Given the ongoing advancements in areas such as data analytics and the behavioural sciences, McGuinness at believes it is an exciting time for market research, but also argues that the industry needs to mature if brands and suppliers are to benefit.

“We’ve been very good at helping other industries, but we haven’t actually helped ourselves in a lot of cases,” he says.

“[The industry is] great at identifying opportunities for other businesses, enabling them to achieve their goals, but at the same time the research industry has hid its light under a bushel, rather than saying ‘here is how we want to present and market ourselves’.”

Q&A: Andrew Barling, Head of international research, Groupon

What are the main attributes you look for from a research supplier?

Beyond the obvious – professional, experienced, innovative – the trend is towards becoming more flexible.  We want quicker turnarounds and more interesting, slightly different things in terms of when and how they do it, and how they send data back to us. A lot of the time we’re under huge pressure, so it’s important that agencies are able to turn things around quickly. Of course you want them to understand the market and your consumers, and to add value in that respect.

What types of research do you commission and use?

We have continuous trackers that are measuring our customers and the businesses. They are broad reaching across all the countries we work in. That means checking that we are addressing the needs of customers and merchants, but we will also drill down into specific areas depending on what’s happening at a regional or country level. So for example, we will look at customer service, the redemption process or specific studies looking at our emails and how well they are received.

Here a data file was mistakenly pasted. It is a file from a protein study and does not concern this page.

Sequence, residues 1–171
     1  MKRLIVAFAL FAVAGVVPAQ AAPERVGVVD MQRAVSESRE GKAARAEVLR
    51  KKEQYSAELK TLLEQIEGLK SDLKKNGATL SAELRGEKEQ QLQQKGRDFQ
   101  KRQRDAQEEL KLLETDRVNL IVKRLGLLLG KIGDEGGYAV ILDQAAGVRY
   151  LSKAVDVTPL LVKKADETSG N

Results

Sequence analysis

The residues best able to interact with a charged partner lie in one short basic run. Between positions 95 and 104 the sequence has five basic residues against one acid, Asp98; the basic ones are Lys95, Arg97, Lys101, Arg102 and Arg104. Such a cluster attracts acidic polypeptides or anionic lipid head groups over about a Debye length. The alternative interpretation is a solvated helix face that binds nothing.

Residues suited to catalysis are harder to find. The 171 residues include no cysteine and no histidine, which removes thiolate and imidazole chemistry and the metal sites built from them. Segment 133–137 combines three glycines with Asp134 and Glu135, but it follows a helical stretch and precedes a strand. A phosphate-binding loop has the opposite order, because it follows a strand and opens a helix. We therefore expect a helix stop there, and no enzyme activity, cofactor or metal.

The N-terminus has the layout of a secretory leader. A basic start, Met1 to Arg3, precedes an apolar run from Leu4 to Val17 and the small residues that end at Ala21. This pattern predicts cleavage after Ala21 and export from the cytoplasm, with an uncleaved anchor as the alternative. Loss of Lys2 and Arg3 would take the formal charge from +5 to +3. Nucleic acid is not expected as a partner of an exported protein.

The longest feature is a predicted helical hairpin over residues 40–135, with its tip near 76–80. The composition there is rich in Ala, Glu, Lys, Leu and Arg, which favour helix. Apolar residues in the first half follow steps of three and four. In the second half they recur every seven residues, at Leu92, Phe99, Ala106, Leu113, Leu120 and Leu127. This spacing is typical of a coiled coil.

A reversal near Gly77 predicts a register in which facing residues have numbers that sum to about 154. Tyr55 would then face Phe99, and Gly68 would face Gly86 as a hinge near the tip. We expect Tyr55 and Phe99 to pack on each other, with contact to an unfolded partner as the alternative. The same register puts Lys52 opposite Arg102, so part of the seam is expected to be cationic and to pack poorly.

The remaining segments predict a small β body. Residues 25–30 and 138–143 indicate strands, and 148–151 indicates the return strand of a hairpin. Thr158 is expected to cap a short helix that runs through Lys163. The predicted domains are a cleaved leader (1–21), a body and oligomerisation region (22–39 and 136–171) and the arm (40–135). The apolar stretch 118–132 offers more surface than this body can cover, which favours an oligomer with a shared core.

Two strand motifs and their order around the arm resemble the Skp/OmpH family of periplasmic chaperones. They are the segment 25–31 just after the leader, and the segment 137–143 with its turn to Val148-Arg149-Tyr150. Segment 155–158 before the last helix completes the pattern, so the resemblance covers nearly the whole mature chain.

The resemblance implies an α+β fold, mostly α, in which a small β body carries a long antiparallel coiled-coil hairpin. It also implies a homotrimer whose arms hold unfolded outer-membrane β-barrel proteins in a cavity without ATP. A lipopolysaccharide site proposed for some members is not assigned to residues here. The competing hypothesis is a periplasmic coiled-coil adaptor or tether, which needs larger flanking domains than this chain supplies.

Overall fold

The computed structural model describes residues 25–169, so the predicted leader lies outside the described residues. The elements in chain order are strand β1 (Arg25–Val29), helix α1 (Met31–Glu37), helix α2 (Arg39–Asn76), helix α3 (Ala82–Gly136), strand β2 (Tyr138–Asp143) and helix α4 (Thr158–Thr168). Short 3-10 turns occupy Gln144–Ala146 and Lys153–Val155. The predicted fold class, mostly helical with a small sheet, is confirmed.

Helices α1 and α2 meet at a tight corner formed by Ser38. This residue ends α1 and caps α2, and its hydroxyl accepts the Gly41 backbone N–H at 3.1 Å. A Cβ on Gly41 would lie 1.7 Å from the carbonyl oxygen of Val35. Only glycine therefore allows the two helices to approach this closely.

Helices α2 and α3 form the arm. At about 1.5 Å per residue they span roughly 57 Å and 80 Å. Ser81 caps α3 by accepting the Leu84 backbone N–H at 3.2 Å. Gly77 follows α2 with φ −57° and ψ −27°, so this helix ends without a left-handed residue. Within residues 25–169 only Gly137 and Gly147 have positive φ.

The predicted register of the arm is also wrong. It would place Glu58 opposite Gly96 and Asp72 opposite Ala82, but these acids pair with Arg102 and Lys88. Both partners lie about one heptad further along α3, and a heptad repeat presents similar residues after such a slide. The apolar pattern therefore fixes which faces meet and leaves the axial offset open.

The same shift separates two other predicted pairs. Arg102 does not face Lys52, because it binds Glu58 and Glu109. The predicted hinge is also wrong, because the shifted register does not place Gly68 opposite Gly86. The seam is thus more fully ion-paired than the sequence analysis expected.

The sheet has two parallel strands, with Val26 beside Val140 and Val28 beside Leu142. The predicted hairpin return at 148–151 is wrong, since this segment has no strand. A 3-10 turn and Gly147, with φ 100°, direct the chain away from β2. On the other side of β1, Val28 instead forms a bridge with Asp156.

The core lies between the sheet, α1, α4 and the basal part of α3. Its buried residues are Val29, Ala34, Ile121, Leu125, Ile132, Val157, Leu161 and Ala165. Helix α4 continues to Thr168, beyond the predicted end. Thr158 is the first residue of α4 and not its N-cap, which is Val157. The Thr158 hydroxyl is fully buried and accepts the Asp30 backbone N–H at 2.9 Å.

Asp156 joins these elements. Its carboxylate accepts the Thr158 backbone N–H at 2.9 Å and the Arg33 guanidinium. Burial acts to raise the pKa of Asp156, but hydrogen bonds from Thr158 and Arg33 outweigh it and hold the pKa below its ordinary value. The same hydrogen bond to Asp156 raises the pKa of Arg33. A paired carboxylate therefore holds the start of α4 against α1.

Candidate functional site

Do you look for new suppliers for these projects?

Yes, we will review with our regular partners on an annual basis and talk to a few other people to check that what we are getting is value for money and so on, but we’ve got more scope with individual studies.

Sometimes it can be specific; if we’re changing the email templates and want to show them to people, there are new techniques such as eye-tracking we can use.

Q&A: Natalie Harb, Head of primary market research, Novartis PLS

What qualities do you look for from a market research supplier, and how do you decide which suppliers to work with?

Finding the right supplier can be a lengthy and sometimes difficult job. Finding a supplier with global reach is important. At Novartis PLS, we conduct studies across multiple continents and in different languages, so working with one supplier that can execute the entire project is a key advantage.

Also, a supplier with integrity that can deliver quality data is essential. Given the nature of our industry, having a partner that acts and behaves in an ethical way is critical. Lastly, considering the current economic climate, finding a supplier that can deliver within budget plays an important role in the selection process, however one that can deliver high-quality results will trump a cheaper supplier.

How are your market research needs changing and is the supplier market evolving fast enough to keep up?

The type of work that we do at Novartis PLS varies greatly by therapeutic areas, so it is important for us to be able to quickly, and cost-effectively, identify a pool of suppliers that can meet the needs of each brief. It is essential that research suppliers have a proven track record in the specific area we are interested in.